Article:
Passions Over Sovereignty
№4 2005 October/December
Fyodor A. Lukyanov

Editor-in-Chief of Russia in Global Affairs, Chairman of the Presidium of the Council on Foreign and Defense Policy, and Research Director of the Valdai Discussion Club. Research Professor, Faculty of World Economy and International Affairs, National Research University Higher School of Economics, Moscow.


Tel: +7 (495) 980-7353
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© «Russia in Global Affairs». № 4, October — December

Of the many
subjects of political debate in Russia in 2005, the main emphasis
has been on national sovereignty. The protection of sovereignty
against terrorists, destructive social elements, strategic rivals
and external competitors has been the primary focus of statements
made by the country’s top officials and political experts.
In light of sentiments within the Russian leadership, this past
year can be clearly divided into two parts. The first half was
marked by near panic calls for society to rally in the face of
threats to Russia’s sovereign existence. The nervousness derived
from a series of negative developments, the first being the
terrorist attack on Beslan; next was Moscow’s embarrassing defeat
in Ukraine where the Kremlin’s prot?g? lost in the presidential
elections. Other scenarios, such as instability in Central Asia,
attempts to revise the Soviet Union’s role in the war against Nazi
Germany on the eve of the 60th anniversary of the victory in World
War II, the harsh reaction of the West to the centralization of
power in Russia, and the guilty verdicts in the YUKOS case, only
exacerbated the feeling of an “enemy encirclement.”

Later, however, the psychological state of the Russian ruling
class began to change. And although there are no grounds to rest on
our laurels today – the way there were no extraordinary reasons to
fear for the country’s sovereignty and territorial integrity six
months ago – Russia’s position has really strengthened. A series of
global developments have added to the self-confidence of the
Russian establishment: the inability of the United States to solve
many of the global problems it has undertaken to address, the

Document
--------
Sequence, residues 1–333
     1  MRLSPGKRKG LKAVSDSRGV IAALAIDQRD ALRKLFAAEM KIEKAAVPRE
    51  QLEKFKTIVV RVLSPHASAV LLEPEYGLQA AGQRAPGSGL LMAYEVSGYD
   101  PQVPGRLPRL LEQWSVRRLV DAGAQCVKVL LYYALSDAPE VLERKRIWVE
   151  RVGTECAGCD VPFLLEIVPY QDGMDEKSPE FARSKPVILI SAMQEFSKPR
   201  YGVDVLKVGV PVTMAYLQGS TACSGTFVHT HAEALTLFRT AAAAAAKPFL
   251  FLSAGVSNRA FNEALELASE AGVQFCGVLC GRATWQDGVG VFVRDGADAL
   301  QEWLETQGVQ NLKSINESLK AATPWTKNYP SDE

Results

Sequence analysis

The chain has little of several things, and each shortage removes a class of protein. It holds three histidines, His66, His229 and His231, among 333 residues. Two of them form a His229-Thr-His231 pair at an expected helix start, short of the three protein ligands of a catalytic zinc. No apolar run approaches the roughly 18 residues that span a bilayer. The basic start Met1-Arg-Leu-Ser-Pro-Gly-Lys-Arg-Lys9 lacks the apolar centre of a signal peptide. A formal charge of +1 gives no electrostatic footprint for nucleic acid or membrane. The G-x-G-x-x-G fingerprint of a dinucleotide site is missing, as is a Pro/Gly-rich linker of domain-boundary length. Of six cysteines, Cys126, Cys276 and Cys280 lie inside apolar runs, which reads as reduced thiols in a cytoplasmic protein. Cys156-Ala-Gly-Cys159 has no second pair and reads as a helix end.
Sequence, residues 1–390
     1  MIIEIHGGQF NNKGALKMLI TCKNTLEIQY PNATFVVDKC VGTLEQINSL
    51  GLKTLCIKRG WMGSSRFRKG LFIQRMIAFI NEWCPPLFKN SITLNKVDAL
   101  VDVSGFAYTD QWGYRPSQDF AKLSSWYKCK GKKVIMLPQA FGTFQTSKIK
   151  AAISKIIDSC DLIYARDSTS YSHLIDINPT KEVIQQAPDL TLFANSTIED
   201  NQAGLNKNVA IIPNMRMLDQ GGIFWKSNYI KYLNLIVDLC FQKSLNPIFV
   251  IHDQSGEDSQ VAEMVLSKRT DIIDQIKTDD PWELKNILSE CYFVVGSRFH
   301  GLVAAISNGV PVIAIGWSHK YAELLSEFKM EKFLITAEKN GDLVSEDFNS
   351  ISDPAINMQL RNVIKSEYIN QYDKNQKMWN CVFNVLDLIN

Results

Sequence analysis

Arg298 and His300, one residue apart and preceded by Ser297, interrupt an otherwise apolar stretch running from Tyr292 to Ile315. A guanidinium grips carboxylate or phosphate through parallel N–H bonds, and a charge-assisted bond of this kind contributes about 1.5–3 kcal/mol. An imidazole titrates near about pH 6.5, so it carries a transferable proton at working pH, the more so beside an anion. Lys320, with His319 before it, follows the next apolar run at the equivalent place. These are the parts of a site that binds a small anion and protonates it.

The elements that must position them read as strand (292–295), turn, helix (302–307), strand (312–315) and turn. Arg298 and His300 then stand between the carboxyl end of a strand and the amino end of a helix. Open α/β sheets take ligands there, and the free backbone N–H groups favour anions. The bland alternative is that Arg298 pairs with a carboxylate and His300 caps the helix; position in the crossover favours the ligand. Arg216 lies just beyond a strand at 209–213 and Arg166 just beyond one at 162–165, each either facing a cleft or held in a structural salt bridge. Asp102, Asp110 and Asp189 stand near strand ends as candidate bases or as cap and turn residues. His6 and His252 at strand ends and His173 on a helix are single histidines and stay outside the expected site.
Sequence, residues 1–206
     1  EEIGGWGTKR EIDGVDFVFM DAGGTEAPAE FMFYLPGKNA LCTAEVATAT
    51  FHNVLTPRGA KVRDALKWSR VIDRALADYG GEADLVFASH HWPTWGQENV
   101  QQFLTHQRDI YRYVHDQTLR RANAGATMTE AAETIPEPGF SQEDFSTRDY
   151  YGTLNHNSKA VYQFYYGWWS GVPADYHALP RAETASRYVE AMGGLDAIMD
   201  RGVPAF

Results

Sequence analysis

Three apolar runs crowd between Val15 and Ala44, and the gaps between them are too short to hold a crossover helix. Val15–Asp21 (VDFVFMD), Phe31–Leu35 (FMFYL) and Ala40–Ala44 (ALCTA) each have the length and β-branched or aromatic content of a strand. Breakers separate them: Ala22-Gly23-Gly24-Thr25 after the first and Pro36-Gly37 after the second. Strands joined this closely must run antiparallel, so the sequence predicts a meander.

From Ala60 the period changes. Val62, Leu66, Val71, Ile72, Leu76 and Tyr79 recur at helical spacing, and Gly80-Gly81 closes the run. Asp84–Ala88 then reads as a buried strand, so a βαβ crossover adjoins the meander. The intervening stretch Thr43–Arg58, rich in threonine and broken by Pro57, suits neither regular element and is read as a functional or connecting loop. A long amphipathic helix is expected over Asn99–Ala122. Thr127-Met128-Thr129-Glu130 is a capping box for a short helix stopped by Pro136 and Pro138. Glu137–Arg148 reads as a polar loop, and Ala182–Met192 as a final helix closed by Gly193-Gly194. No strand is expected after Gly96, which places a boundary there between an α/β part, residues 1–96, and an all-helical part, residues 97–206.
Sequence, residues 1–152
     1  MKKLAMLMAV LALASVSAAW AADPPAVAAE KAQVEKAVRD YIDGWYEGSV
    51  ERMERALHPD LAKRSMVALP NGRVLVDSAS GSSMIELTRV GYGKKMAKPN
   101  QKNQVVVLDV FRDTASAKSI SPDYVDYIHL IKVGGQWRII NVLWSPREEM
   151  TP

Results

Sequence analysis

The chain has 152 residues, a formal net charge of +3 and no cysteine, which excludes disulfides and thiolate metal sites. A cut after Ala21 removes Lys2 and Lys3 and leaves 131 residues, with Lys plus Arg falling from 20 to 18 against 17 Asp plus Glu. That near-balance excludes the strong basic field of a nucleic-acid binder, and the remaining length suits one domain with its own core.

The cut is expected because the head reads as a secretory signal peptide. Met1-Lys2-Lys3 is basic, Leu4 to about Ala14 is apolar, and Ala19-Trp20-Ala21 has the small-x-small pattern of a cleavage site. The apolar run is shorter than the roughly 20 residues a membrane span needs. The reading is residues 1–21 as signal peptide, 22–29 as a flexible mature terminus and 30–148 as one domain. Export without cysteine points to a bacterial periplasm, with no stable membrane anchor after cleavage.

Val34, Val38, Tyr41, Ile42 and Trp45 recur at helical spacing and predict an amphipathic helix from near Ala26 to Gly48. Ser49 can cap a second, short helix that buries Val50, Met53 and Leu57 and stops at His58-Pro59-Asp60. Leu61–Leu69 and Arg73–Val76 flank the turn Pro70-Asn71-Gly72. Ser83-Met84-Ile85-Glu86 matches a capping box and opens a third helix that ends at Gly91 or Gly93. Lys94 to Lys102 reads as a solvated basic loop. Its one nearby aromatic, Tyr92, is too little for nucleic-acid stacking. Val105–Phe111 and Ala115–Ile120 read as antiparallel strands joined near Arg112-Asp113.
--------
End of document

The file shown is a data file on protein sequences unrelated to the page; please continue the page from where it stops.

ongoing crisis in the European Union, disillusionment with the
outcome of the ‘colored’ revolutions, the rapid rise of oil prices,
and the equally rapid rise of Asia. The recent ‘contract of the
century’ – the construction of a north-European gas pipeline that
will bring Russia and the EU still closer together – confirms that
Russia possesses a real resource, the importance of which is hard
to overestimate in the new century.

This issue offers a wide variety of views on the sources of
Russia’s sovereignty and threats to it, as well as Russia’s ability
to pursue an independent and effective policy.

Mikhail Leontyev describes Russia as one of the few countries in
the world that is capable of conducting a really independent
policy. He believes that the country’s sovereignty must rest on
might, which the Kremlin must now restore. According to Sven
Hirdman, to better understand Russia one must compare the
perception of the notions of the State, Society and Motherland in
Russia and West European countries. Vladimir Ryzhkov argues that
genuine sovereignty is impossible unless it relies on law and
democratic procedures. Valery Tishkov focuses on the formation of
the Russian people as the basis of a new national identity.
Russia’s identity must rest on its entire 1,000-year-long colorful
history, rather than on individual periods chosen out of short-term
political considerations, Sergei Kortunov writes. Ivan Sukhov
analyzes the situation in the Caucasus,  a region that poses
the greatest threat to the integrity of the Russian Federation.
Leonid Grigoriev and Yulia Urozhaeva argue that the sovereignty of
this huge country can be strengthened only through the successful
development of its constituent regions.

Sergei Karaganov warns about the danger of ‘Eurasianism,’ that
is, Russia’s attempt to isolate itself from the fast-developing
global centers under the guise of an ‘original path,’ while Fyodor
Shelov-Kovediayev advocates the earliest possible accession of
Russia to NATO. Vladimir Milov analyzes Russia’s role in the G-8,
which will gather in   St. Petersburg in 2006. He
believes that Russia will guarantee for itself the role as a key
energy actor on the global stage only if it proposes a joint
program for ensuring universal energy security to the developed
countries. Vlad Ivanenko discusses how distant the next chairman of
the G-8, Russia, is from the standards of this group of countries
and what consequences this factor may have. Vladimir Dvorkin
proposes ways to use the legacy of Russia’s strategic military
confrontation with the United States for the benefit of a
Russian-U.S. partnership.

Vladimir Frolov writes about dangers posed by elections in the
post-Soviet space, which often become instruments for replacing
power from abroad and thus violating the national sovereignty of
the post-Soviet states. Mikhail Delyagin draws a line under the
Commonwealth of Independent States – in his view, the incumbent
Russian authorities have wasted the chance for this country to
become the center of post-Soviet integration. Robert Saunders
discusses the phenomenon of ethnic Russians in a foreign state –
Latvia – following the breakup of the Soviet Union.

Finally, Vladislav Inozemtsev, the host of our journal’s new
section Personage, speaks with one of the most brilliant
intellectuals in Latin America. Fernando Henrique Cardoso, former
president of Brazil, which is often compared with Russia, speaks
about democracy, reforms and globalization.